Instead of fretting over the Indonesian government's plan to stop sending new live-in maids abroad, it is time for us to consider how we should evolve with changing circumstances and find novel solutions ("Indonesia plans to stop sending new live-in maids abroad"; May 18, and "Live-out maids 'will lead to more costs, issues'"; May 19).
Currently, families which need help with cooking and housekeeping have to either employ a live-in domestic helper or engage the services of housekeeping and catering companies.
However, the rates of such service companies remain relatively high, commensurate with the high labour costs incurred.
Hence, if these similar services could be provided by live-out maids at lower costs, then, households which do not need live-in maids could opt for the live-out option.
Having live-out maids, therefore, is an alternative that is long overdue.
This arrangement is not intended to replace the existing live-in arrangement.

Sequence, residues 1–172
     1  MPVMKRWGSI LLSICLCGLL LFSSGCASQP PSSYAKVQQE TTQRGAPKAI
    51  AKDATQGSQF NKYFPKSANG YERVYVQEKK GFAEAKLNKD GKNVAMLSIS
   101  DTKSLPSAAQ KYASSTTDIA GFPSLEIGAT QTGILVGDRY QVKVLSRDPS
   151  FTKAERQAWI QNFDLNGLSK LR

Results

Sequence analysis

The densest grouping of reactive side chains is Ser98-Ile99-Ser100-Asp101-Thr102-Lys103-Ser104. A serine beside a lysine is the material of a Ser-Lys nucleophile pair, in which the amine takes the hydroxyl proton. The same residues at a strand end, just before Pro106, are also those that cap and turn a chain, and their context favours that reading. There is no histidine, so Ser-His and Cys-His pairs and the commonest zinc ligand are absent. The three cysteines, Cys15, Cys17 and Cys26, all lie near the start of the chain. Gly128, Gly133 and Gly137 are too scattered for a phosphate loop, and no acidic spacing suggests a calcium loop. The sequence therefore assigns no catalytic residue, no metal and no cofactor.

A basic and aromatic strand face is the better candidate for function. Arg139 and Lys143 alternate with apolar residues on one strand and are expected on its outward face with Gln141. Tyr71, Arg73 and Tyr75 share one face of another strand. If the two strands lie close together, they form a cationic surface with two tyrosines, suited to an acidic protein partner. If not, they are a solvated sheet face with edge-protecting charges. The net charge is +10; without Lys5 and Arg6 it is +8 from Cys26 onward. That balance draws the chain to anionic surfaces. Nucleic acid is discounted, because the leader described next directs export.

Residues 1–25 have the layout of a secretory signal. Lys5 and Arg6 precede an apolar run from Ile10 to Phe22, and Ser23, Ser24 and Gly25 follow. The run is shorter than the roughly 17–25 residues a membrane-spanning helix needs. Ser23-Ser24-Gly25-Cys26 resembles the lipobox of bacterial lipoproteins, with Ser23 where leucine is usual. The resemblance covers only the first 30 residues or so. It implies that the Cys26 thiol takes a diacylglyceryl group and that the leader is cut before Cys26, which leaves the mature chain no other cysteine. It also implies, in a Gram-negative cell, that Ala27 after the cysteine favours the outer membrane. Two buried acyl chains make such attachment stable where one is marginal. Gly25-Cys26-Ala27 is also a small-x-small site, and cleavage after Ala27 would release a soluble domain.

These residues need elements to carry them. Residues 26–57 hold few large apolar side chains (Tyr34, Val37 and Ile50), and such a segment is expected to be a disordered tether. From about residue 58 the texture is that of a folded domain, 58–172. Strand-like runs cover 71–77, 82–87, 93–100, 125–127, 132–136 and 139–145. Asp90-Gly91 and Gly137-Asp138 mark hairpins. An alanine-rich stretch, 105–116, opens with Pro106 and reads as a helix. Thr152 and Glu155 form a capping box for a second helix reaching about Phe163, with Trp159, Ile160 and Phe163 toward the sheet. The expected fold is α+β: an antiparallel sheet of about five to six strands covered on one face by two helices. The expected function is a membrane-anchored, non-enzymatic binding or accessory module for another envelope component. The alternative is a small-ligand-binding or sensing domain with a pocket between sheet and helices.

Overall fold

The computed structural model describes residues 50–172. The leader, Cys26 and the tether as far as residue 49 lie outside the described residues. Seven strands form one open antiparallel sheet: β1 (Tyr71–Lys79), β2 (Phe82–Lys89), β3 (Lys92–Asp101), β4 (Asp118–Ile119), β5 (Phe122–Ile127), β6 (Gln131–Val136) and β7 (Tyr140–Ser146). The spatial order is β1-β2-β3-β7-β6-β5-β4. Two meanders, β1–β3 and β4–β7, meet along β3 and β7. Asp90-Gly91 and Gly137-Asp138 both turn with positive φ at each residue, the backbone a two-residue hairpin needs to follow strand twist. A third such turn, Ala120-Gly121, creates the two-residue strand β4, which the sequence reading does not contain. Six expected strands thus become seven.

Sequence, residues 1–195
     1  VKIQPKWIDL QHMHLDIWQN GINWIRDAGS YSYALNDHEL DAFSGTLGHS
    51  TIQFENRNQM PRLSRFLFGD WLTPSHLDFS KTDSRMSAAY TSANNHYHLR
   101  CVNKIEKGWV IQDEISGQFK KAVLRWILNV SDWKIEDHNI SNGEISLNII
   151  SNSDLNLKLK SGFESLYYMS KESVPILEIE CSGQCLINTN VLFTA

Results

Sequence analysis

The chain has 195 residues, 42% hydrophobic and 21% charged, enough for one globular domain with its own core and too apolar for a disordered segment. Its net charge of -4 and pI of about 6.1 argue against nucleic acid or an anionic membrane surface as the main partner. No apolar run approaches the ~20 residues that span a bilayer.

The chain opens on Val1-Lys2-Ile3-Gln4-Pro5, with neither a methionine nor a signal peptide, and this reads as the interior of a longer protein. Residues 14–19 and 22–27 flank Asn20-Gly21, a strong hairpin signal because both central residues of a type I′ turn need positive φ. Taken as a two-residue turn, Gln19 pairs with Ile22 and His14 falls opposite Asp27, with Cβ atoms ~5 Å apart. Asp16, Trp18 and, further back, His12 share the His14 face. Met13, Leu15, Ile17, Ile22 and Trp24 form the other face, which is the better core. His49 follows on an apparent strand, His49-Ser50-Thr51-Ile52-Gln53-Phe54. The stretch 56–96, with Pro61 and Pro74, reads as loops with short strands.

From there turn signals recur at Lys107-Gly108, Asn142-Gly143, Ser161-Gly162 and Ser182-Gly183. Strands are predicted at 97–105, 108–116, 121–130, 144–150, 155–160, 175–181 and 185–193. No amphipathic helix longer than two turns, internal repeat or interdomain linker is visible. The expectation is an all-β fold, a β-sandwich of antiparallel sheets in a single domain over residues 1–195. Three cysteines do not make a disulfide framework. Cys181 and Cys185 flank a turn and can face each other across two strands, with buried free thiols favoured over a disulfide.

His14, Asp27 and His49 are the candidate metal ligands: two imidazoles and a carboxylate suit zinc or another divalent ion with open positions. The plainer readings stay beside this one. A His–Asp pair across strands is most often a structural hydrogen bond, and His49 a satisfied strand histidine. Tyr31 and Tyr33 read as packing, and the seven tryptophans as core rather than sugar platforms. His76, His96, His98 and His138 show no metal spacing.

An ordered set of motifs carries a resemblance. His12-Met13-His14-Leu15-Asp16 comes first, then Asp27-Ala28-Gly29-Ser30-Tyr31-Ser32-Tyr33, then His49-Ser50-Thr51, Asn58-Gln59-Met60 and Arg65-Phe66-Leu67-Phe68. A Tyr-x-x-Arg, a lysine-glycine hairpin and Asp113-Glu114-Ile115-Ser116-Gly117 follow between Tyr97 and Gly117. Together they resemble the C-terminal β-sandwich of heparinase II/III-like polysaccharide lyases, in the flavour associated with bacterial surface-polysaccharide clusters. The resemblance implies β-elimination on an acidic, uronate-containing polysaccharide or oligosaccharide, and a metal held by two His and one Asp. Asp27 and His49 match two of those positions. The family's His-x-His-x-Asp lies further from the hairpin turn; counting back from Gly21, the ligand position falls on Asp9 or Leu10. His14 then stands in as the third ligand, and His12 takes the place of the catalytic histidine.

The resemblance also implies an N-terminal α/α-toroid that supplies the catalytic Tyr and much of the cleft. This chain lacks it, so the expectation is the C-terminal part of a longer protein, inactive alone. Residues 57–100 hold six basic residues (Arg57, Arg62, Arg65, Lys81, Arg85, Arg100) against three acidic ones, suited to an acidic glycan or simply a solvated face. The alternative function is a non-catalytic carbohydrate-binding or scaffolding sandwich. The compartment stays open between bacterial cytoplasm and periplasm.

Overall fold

Instead, both should coexist to meet the needs of different households and address different labour restrictions from source countries.
Live-out maids should be employed by licensed agencies, which should undertake the responsibility of providing insurance, medical benefits, board and lodging for the maids.
It is envisaged that households will contract with such agencies for the provision of services by one or more maids.
The advantages of the live-out maid system include:
- Minimising the risk of abuse of maids;
- Greater flexibility for households and maids;
- Enabling maids to specialise in specific tasks in which they excel;
- Reducing the ratio of maids to households in Singapore, as one maid can work for more than one household if the duties required need not be performed on a daily basis;
- Source of help for households with live-in maids who go on home leave, whose maids leave employment suddenly, or which need short-term help.
Also, households which do not need live-in maids will not need to compete with households which genuinely need them.
The authorities could consider working with maid agencies and service companies to develop a viable live-out system, where cooking and housekeeping services can be offered at lower rates.
Such a system will, in the long term, benefit households and maids, as well as create new opportunities for existing maid agencies and service companies.
Tan Li Hua (Ms)